The daughter of a thief, young Moll is placed in the care of a nunnery after the execution of her mother. However, the actions of an abusive priest lead Moll to rebel as a teenager, ...
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The daughter of a thief, young Moll is placed in the care of a nunnery after the execution of her mother. However, the actions of an abusive priest lead Moll to rebel as a teenager, escaping to the dangerous streets of London. Further misfortunes drive her to accept a job as a prostitute from the conniving Mrs. Allworthy. It is there that Moll first meets Hibble, who is working as Allworthy's servant but takes a special interest in the young woman's well-being. With his help, she retains hope for the future, ultimately falling in love with an unconventional artist who promises the possibility of romantic happiness. Written by
The motion of the ship below deck is unrealistic. At 0:32:00 and 1:50:00 the scene inside the cabin shows rocking along one axis only - side to side - when the ship was in a storm. Anyone with practical experience with boats and ships in the rough weather depicted would expect pitching fore and aft as well, and violent crashes from bashing into waves, creating a corkscrewing roll that contributes so much to seasickness. Also at 1:50:00 an exterior shot of the ship in the storm is accompanied by a command "reef the mizzen mast" but the sails are hanging limply; the heavy roar of the wind suggests they could not be in the eye of the storm. See more »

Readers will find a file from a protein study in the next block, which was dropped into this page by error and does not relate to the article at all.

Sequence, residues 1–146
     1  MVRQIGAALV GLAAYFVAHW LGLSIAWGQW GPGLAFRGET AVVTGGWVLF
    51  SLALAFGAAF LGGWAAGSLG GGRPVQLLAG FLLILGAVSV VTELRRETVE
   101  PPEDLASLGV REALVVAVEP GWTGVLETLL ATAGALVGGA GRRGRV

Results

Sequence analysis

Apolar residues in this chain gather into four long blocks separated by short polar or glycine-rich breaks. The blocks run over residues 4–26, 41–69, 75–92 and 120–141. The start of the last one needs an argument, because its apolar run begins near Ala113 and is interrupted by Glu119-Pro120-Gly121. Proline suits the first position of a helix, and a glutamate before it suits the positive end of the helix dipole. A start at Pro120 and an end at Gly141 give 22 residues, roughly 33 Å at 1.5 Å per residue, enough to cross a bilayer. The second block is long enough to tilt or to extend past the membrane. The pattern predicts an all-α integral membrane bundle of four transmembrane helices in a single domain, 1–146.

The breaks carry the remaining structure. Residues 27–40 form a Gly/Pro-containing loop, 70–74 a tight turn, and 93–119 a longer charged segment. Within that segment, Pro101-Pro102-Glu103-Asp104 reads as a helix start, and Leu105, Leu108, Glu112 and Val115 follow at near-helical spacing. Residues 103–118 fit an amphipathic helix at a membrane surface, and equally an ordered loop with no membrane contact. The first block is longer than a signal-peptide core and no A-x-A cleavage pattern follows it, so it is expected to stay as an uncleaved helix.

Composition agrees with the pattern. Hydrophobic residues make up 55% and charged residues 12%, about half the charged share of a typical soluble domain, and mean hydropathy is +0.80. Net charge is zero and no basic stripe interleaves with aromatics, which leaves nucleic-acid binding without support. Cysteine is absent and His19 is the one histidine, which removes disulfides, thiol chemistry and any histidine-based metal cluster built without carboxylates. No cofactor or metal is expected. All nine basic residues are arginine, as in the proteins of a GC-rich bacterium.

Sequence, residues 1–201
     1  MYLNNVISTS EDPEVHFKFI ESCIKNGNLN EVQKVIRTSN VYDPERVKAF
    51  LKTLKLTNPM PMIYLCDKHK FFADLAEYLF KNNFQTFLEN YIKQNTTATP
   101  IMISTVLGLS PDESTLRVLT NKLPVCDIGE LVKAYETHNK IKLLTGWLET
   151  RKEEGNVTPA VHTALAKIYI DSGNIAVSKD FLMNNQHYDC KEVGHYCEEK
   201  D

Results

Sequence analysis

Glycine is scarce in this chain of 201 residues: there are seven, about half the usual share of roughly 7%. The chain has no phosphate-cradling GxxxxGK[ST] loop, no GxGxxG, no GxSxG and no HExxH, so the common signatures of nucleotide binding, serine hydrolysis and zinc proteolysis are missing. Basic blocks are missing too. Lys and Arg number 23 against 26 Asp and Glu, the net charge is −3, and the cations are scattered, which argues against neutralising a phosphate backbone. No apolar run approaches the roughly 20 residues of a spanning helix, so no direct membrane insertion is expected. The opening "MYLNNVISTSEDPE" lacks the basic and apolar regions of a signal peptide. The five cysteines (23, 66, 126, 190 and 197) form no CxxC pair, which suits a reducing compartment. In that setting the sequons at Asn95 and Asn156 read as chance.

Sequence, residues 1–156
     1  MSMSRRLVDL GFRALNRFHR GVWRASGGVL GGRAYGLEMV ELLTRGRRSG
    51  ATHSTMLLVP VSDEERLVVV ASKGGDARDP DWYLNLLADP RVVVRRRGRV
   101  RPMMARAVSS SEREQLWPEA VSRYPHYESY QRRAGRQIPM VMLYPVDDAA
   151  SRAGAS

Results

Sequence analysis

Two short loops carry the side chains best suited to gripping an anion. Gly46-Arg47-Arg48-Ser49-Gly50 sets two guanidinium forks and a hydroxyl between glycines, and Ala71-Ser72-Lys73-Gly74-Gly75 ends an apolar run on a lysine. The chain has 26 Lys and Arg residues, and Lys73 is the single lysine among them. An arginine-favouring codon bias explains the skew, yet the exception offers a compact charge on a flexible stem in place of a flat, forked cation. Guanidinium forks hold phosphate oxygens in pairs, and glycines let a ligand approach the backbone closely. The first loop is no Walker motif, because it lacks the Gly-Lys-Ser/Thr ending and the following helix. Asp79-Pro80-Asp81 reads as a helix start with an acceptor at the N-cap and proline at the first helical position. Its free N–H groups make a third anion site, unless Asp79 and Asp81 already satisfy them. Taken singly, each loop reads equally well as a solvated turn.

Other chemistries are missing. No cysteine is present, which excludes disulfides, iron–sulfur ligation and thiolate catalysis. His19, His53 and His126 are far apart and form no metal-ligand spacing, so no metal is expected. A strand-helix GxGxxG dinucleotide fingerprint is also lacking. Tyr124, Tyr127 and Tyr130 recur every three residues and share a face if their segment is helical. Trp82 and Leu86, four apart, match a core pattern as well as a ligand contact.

Um, for your understanding, Flora, this is rather... delicate. Do you know what the male and female were intending?
Sure! I seen dogs in the street doing it!
Yes... well, it's not quite the same thing.
How do you know? You're not a dog!
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This film, though nothing like the Daniel Defoe novel, was remarkably good. The tale begins with Flora, an orphan removed from her home in a convent in Europe, who is told that she is being taken to the Americas to become the ward of one Mrs. Allworthy, who is credited to have been the woman her mother served. Mrs. Allworthy's manservant and confidant, Hibble, is the one who is to both bear her to his employer, and also to read to Flora the diary of her mother, Moll Flanders, to explain her life to her.
Robin Wright shines as the lost and ever soul-searching innocent Moll Flanders, who despite making many wrong choices in life seems to find her way to kind places again and again. Her unconditionally loving future husband, credited "The Artist" on screen but listed as John Fielding on this site, is played by John Lynch. Stockard Channing is Mrs. Allworthy, who we come to discover is the owner of a Bordello and is a manipulative woman who can sway any man into her power. Lastly, Morgan Freeman plays the part of gentle and world-wisened Hibble, and I think this is one of his best roles, as he interacts so swimmingly with Robin on camera.
The movie is rated PG-13 for sexual situations, nudity and some violence. Despite the subject matter, the film charms the soul. I recommend lovers of Gothic literature to read it, and for people who love the book to give this story a chance as a separate entity.
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